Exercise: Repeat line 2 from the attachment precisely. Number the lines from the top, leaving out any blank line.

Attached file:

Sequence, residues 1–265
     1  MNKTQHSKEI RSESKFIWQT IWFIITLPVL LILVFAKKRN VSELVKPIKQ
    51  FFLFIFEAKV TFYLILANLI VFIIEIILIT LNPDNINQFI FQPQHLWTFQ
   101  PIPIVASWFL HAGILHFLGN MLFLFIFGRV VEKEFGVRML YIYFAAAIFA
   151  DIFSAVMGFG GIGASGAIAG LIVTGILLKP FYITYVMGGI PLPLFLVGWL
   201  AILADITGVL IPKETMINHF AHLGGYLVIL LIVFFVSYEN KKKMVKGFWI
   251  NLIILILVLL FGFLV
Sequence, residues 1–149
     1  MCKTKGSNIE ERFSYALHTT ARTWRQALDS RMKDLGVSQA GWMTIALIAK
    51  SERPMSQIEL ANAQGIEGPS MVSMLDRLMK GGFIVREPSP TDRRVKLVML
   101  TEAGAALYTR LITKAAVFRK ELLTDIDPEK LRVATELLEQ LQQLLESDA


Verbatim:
     1  MNKTQHSKEI RSESKFIWQT IWFIITLPVL LILVFAKKRN VSELVKPIKQ